By Robert A. Frahm, Courant Staff
December 1, 2004
A coalition of municipal officials and educators called
for a radical revision of Connecticut's 15-year-old school funding
formula Tuesday, contending it is shortchanging the state's public
schools by millions of dollars.
The new coalition contends that state support for public schools
has been inadequate, causing local property taxes to soar and
forcing towns to cut back on everything from police services
to street repairs. To bolster its case, the group has commissioned
a study by a national school finance consulting firm to gauge
the cost of providing adequate education in the state. The study
is expected to be ready in the spring.
"The current system of funding education in Connecticut is
broken,'' Hamden Mayor Carl Amento, president of the newly formed
Connecticut Coalition for Justice in Education Funding, said.
Amento was among about 25 mayors, educators and local leaders
attending a press conference in Hartford urging state legislators
to revamp the Education Cost Sharing grant, the state's major
source of financial aid to towns and cities.
The plea for more money for public schools is an annual occurrence
before the state legislature, but the decision to commission
a study of the adequacy of school funding is a sign the group
eventually could take its case to court.
"Currently about 25 states have lawsuits on school funding.
They all started the same way,'' said Mike Griffith, a policy
analyst with the Education Commission of the States, a Colorado-based
agency that monitors state education issues.
Connecticut's school funding formula underwent a major change
after the state Supreme Court in 1977 ordered the state, in the
Horton vs. Meskill case, to close a large funding gap between
the state's wealthiest and poorest communities.
While many early school finance lawsuits focused on equity among
school districts, much of the litigation now revolves around
whether schools have adequate funding to meet demands such as
special education requirements or new state and federal testing
standards, experts say.
"It's exactly what you're seeing in Connecticut,'' Griffith
said. "The argument is, you're not giving us the resources to
do what you're telling us to do.''
Fifteen years ago, the state paid nearly 46 percent of the cost
of running public schools, but that statewide figure had dropped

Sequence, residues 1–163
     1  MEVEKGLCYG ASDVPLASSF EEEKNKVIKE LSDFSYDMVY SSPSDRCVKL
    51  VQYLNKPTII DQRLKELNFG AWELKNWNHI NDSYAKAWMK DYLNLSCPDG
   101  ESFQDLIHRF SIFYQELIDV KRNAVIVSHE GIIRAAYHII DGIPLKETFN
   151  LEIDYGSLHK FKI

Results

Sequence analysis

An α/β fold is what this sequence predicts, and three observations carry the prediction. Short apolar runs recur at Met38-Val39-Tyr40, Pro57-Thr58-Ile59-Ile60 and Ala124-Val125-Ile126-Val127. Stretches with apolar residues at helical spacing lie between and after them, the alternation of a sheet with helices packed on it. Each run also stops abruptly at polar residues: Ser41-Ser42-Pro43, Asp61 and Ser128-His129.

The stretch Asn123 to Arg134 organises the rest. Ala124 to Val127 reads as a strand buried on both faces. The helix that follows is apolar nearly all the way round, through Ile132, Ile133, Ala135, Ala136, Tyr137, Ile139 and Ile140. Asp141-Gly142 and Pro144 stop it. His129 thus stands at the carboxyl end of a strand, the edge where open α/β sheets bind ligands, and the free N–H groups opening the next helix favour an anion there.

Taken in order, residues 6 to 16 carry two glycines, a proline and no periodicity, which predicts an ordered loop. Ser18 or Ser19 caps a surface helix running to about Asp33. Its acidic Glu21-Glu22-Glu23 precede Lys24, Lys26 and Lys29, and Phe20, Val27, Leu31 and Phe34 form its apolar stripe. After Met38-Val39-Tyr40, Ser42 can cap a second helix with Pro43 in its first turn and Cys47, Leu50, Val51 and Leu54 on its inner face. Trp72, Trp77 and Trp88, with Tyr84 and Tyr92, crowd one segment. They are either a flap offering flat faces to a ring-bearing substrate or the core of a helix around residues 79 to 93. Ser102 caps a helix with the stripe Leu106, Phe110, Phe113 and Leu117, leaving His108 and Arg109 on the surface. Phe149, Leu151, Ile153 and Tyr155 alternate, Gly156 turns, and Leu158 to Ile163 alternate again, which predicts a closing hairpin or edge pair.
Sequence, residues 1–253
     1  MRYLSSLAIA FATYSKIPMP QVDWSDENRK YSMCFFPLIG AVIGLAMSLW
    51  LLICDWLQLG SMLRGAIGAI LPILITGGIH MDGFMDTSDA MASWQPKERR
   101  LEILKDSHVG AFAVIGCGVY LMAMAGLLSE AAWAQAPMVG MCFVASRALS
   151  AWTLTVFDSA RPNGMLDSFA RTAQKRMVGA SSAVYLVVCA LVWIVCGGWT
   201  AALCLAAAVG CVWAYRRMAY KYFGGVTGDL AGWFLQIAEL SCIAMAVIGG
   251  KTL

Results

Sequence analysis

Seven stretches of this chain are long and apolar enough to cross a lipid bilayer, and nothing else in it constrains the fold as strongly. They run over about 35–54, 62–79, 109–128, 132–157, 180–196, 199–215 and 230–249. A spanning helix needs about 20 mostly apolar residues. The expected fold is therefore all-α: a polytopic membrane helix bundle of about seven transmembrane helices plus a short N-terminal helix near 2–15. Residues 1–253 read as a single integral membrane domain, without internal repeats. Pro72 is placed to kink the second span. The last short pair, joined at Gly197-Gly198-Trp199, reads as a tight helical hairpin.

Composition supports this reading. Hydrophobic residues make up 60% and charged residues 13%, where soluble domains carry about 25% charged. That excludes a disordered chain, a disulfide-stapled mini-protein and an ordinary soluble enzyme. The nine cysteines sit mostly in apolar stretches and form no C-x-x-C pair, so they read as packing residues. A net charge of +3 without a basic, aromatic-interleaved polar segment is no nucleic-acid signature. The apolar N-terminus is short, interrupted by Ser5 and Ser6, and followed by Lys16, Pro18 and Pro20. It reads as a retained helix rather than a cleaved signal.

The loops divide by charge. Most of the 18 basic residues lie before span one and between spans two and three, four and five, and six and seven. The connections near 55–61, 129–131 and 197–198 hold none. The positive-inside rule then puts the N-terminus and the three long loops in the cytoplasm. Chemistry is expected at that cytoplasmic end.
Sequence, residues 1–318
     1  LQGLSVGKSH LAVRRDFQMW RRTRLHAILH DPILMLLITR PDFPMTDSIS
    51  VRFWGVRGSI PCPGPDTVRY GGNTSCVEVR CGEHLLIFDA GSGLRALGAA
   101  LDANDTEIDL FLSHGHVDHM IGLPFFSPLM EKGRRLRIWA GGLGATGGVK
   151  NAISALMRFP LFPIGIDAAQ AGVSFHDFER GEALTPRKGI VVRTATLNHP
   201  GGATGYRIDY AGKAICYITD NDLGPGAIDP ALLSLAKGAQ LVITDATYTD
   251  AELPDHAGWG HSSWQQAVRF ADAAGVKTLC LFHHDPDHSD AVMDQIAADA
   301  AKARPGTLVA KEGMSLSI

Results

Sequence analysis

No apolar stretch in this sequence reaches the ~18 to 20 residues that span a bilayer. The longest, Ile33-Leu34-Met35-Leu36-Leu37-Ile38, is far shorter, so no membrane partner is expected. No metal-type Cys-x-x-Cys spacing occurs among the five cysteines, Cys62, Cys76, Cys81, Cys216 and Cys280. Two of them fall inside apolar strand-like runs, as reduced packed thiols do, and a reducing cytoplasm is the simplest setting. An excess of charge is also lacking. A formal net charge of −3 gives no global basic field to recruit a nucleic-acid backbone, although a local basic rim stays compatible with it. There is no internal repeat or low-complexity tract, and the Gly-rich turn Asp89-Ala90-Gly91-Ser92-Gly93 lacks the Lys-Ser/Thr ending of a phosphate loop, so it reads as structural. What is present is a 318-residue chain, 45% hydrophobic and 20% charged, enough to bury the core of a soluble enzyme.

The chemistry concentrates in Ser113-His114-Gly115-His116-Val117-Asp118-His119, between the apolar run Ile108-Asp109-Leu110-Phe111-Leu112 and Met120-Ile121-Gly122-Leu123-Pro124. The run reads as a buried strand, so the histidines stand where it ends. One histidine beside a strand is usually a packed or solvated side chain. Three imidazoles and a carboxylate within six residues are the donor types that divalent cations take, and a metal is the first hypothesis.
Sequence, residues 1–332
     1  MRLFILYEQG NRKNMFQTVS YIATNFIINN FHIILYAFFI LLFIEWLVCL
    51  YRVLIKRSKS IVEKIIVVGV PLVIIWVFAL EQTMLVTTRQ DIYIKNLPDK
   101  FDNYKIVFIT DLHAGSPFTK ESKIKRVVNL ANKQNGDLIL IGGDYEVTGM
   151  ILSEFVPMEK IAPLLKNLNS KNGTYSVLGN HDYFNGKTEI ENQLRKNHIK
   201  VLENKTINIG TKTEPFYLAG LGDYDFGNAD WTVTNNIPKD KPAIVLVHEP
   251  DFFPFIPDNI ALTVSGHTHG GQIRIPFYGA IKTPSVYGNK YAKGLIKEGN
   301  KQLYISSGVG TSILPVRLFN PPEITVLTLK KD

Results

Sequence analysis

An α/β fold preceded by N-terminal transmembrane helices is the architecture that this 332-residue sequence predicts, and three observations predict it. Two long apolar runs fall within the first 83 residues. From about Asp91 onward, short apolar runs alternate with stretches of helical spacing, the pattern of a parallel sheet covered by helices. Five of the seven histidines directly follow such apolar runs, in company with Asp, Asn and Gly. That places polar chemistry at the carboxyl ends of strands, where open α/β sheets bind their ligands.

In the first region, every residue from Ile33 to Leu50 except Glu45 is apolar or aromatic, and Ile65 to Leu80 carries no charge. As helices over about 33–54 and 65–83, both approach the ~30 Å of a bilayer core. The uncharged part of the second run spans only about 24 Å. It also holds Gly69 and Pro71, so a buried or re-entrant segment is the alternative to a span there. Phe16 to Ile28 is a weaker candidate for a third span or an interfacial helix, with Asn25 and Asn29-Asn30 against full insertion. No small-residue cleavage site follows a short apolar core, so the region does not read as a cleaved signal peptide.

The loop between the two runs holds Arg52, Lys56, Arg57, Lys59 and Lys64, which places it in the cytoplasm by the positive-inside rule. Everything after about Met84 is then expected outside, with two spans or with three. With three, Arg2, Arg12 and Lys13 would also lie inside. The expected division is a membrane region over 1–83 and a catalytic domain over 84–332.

to about 39 percent by 2002-03.
State Rep. William R. Dyson, D-New Haven, longtime co-chairman
of the legislature's appropriations committee, said he understands
why local officials are concerned.
"The largest part of any of their budgets is education,'' Dyson
said. "If that's their first priority, then, yes, all other
things get squeezed. The question becomes: Where do you think
we're going to get the money from?''
The legislature revised the school aid formula with the introduction
of the Education Cost Sharing grant in 1989, but lawmakers have
imposed limits on the grant under the strain of tight state budgets.
In towns where the legislature has imposed caps on the school
grant, "you could make a good argument they're not getting as
much as they should,'' but the legislature is phasing out those
limits, said state Sen. Thomas P. Gaffey, D-Meriden, co-chairman
of the legislature's education committee.
This year, the state will spend nearly $1.6 billion in the Education
Cost Sharing grant. That number is expected to increase significantly
next year, Gaffey said. "I really do believe by the end of this
[legislative] session, you'll see some changes [in the formula]
that will bring about more equity.''
In 1998, a dozen towns sued the state, saying the school aid
formula did not meet the needs of towns with growing numbers
of poor children and low-performing students, but that case,
Johnson vs. Rowland, was withdrawn last year because of mounting
The new coalition includes mayors and other officials from 22
towns and various nonprofit groups representing school boards,
teachers and school administrators.
Reprinted with permission of the Hartford Courant.
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